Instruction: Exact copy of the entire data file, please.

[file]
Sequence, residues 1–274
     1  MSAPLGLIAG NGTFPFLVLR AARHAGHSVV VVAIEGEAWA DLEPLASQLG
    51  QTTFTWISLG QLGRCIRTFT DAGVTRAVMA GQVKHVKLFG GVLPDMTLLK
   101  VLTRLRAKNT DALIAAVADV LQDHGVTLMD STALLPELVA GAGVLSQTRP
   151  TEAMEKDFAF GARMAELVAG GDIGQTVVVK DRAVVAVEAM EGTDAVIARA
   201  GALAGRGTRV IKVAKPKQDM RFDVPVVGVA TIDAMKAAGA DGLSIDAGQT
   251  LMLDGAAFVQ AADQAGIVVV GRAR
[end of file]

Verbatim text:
Sequence, residues 1–274
     1  MSAPLGLIAG NGTFPFLVLR AARHAGHSVV VVAIEGEAWA DLEPLASQLG
    51  QTTFTWISLG QLGRCIRTFT DAGVTRAVMA GQVKHVKLFG GVLPDMTLLK
   101  VLTRLRAKNT DALIAAVADV LQDHGVTLMD STALLPELVA GAGVLSQTRP
   151  TEAMEKDFAF GARMAELVAG GDIGQTVVVK DRAVVAVEAM EGTDAVIARA
   201  GALAGRGTRV IKVAKPKQDM RFDVPVVGVA TIDAMKAAGA DGLSIDAGQT
   251  LMLDGAAFVQ AADQAGIVVV GRAR